[I do have a blog of sorts, if not very old - I posted URL above. And of course, one of the lessons learned today - flattery will lead you everywhere, Brian...]

Posted by Tatyana on 24 February 2006

I got my comment cut of in the middle somehow...sorry.
I meant to say that searching for “city names” will fish you a pretty heavy loot at LanguageHat.

Posted by Tatyana on 24 February 2006

I’m personally still confused if I need to start calling it the Shroud of Torino.  That makes it sounds like a car cover…

(Why don’t you have an RSS feed?  That’s why I lost you from my blogroll.)

Posted by Scott Chaffin on 24 February 2006

Hmm. Leningrad/St Petersburg. I’m not used to it either, and share your admiration for the great Mr Mravinsky. Nevertheless - and harking back to some exchanges we had some time ago - would you feel the same if the Berlin Philharmonic had ever been the “Hitlerstadt Philharmonic”? Or are you still of the Lenin Less Evil Than Hitler persuasion?

Alan in Munich/München

Posted by Alan Little on 25 February 2006

Well, it was only a feeling.  Not an argument.

Anyway let me stir the pot some more by saying that I prefer names that are meaningless.  Like London and Berlin.  St Petersburg is kind of propaganda, for St Peter.  So swapping St Peter for St Lenin is kind of par for the course, playing by the local rules.  Changing a real name, Berlin, to Hitlerburg, which is a Hurrah We Won name, is therefore slightly different.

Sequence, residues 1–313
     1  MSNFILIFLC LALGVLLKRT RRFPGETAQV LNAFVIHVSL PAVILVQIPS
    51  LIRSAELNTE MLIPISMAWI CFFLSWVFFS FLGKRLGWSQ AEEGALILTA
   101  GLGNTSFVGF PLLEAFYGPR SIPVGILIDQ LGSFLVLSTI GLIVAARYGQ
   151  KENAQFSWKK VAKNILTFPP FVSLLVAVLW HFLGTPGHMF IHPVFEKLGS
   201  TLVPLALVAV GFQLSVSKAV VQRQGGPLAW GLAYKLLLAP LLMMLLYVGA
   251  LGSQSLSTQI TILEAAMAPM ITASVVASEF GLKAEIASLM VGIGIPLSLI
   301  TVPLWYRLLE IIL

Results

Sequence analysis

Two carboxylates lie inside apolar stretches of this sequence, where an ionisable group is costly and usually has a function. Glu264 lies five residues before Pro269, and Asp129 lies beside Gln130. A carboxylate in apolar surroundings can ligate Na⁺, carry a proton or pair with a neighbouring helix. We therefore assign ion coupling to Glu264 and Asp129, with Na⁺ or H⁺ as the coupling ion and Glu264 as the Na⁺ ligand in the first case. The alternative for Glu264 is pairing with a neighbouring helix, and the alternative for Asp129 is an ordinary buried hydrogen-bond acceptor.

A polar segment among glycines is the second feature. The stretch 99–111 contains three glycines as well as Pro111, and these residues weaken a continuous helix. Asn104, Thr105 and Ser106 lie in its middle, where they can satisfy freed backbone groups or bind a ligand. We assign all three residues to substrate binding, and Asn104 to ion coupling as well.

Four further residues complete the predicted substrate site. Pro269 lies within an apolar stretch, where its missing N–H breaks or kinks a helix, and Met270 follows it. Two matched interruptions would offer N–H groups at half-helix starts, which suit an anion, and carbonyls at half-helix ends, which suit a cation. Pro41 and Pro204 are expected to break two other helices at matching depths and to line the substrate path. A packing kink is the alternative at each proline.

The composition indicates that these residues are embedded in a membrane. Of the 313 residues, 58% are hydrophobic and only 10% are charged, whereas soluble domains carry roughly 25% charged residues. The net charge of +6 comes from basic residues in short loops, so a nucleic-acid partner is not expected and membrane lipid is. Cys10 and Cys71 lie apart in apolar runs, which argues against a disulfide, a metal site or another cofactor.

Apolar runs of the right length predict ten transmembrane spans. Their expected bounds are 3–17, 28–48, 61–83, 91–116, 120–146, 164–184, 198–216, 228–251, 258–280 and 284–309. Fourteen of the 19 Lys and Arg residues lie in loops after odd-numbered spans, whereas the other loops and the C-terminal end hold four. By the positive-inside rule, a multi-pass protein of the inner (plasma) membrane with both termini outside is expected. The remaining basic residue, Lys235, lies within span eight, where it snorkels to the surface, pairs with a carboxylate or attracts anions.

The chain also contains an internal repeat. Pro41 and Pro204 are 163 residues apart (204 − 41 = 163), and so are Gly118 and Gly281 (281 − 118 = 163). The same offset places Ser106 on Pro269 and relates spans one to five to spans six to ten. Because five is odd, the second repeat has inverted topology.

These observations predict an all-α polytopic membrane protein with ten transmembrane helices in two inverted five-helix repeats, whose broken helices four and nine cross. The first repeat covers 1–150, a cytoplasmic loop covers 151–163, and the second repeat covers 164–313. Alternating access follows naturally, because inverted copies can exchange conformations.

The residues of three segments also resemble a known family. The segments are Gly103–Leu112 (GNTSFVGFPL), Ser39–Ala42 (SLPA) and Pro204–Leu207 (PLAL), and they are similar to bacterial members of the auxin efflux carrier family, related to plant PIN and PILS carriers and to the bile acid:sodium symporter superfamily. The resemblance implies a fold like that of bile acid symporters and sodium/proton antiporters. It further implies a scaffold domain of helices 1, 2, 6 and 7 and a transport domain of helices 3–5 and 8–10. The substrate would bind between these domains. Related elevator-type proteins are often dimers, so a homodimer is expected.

But, I would probably not want to have to defend that opinion when sober.

I do think Hitler was slightly nastier than Lenin, since you ask.

Posted by Brian Micklethwait on 25 February 2006

Scott

I thought I DID have an RSS feed, despite not really knowing what that is or how it works.  Where it says “Syndicate”, on the left.  But when I clicked on that, I got strange strange things, and I don’t think it is working.  I will ask my technical department about that.

Posted by Brian Micklethwait on 25 February 2006

Well, there it is!  It works fine.  My little web buddy just couldn’t find it automatically.  Tell the techies to stand down.

Posted by Scott Chaffin on 25 February 2006